It’s ALL About LOVE

Have you ever wondered what a growing Christian really looks like?

What if there was some evidence to help us easily recognize genuine members of the Body of Christ?

This is what the Holy Spirit says in Galatians 5:22-25.
“But the fruit of the Spirit is love, joy, peace, longsuffering, kindness, goodness, faithfulness, gentleness, self-control. Against such there is no law. And those who are Christ’s have crucified the flesh with its passions and desires. If we live in the Spirit, let us also walk in the Spirit.”

Immediately we see the Holy Spirit describes this nine-fold list as fruit. But He places it in sharp contrast with the “works of the flesh” (verses 19-21), and we’re informed that those who make a practice of doing such things “will not inherit the Kingdom of God.”

If you skimmed over that last paragraph, it’s essential that you go back and click on the link for verses 19-21 (please read them).

But the fruit of the Spirit is love.” I’m convinced that the primary evidence of our faith is love! The Christ-life is all about love because Jesus made it so. Jesus was asked by a Pharisee, “Which is the greatest commandment in the Law?”

Jesus didn’t hesitate to provide the primary answer. Matthew 22:35-40 reads like this from the Amplified Bible.
One of them, a lawyer [an expert in Mosaic Law], asked Jesus a question to test Him: “Teacher, which is the greatest commandment in the Law?” And Jesus replied to him, “‘You shall love the Lord your God with all your heart, and with all your soul, and with all your mind.’ This is the first and greatest commandment. 39 The second is like it, ‘You shall love your neighbor as yourself [that is, unselfishly seek the best or higher good for others].’ The whole Law and the [writings of the] Prophets depend on these two commandments.”

Steven Curtis Chapman’s song, All About Love, was released on his 2003 album by that same title. Its opening lyrics remind us,

“We’ve got CD sets and videos, radio and TV shows
Conferences, retreats, and seminars
We’ve got books and magazines to read on everything from A to Z
And a web to surf from anywhere we are
But I hope with all this information buzzing through our brains
That we will not let our hearts forget the most important thing”

What is the most important thing? It’s love! Jesus says, “By this all will know that you are My disciples” (John 13:35).

But we all know how difficult it can be to love others. There was a professor of psychology who lived alone in the neighborhood. Although he had no children of his own, whenever he saw a neighbor scolding a child, he would say, “You should love your boy, not punish him.” The professor was doing patch repair work on the concrete driveway leading to his garage one hot summer afternoon. Tired after several hours of work, he laid down his tools, wiped the sweat from his forehead, and started toward the house. From the corner of his eye, he saw his neighbor’s young boy putting his foot into the fresh cement. He rushed over, grabbed him, and was about to spank him when a neighbor leaned from a window and said, “Watch it, Professor! Don’t you remember? You must ‘love’ the child!” At this, he yelled furiously, “I do love him in the abstract but not in the concrete!”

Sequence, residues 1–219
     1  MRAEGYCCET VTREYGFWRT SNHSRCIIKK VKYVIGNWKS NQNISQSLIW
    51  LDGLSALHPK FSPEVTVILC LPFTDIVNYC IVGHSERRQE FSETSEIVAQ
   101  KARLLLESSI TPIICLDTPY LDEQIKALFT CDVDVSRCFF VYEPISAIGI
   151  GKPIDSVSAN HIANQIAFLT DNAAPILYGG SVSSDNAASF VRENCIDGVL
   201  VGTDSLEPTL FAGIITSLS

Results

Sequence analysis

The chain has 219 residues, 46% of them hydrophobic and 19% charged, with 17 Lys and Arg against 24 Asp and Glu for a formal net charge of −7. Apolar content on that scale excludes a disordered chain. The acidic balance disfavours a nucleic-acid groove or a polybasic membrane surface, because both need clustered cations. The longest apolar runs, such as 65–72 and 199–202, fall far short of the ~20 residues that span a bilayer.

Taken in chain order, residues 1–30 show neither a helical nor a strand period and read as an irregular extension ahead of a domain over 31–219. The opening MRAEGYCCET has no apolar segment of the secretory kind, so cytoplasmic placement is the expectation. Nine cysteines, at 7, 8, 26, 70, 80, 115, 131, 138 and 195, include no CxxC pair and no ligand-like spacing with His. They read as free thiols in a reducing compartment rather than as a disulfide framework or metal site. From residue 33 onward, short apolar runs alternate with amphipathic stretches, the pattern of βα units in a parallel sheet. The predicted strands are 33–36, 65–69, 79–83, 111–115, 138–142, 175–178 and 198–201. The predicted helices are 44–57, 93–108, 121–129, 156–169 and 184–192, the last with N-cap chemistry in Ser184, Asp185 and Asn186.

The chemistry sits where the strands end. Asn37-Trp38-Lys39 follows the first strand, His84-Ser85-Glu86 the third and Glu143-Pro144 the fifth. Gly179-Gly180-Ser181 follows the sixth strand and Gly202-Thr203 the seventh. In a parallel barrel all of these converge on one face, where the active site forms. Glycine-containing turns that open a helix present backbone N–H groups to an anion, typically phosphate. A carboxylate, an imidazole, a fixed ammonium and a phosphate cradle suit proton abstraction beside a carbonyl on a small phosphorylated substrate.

When God tells us the first evidence of our faith is love, He means it in the concrete!

We’re taught in 1 Corinthians 13 that without this primary evidence, we’re just making noise! “Faith, hope, and love” abide. “But the greatest of these is love” (13). Without love, the rest is hypocrisy.

This is not just fashionable home décor. The Holy Spirit wants us to embrace love because God is love. Amen?! But our problem rests in the practicality of this matter. If love is best seen in how we treat one another, how do we love different people who are weirder than we are? What about the many confused and wounded individuals that act unlovable?

Take the time to review 1st John 4:7-19. Slow down and get a feel for what the Holy Spirit is saying to you.

“Love one another” is perhaps the most challenging yet most easily understood phrase in the Bible. The Holy Spirit wants us to understand the binding obligation given to all of us who claim Christ as our Savior. The primary evidence of our faith and the plain duty of all Christians is found in obedience to these words, “love one another.”

But because we have accepted God’s love and seen it in action, this is not robotic duty. Loving others is born out of our relationship with God as His Children. Imitating His divine love for others is simply an expression of holiness. God loves us, so we love others. God loves us sacrificially and unconditionally. Our love for others should reflect that.

The primary evidence of our faith is love.

Galatians 5:6 says, “The only thing that counts is faith expressing itself through love” (NIV). Jesus called this evidence a new commandment. The Holy Spirit prioritizes and emphasizes this holy love throughout the New Testament.

At the end of John 21:15-17, we see the post-resurrection scene where Jesus restored Peter to right fellowship with Himself. He asked him one piercing and pertinent question. He asked Peter, “Do you love Me?” This question demands evidence.

Those who say they love the Lord Jesus should love others. Whether they realize it or not, everyone is hungry for God’s love. Followers of Jesus should work with our Lord to help feed others His love.

“Faith, hope, and love.” These three endure. “But the greatest of these is love” (1 Corinthians 13:13)! When we make God’s love our love, we are well on our way to living as genuine witnesses of Christ. When God’s love is our love for others, we walk in what can only be described as holy love.

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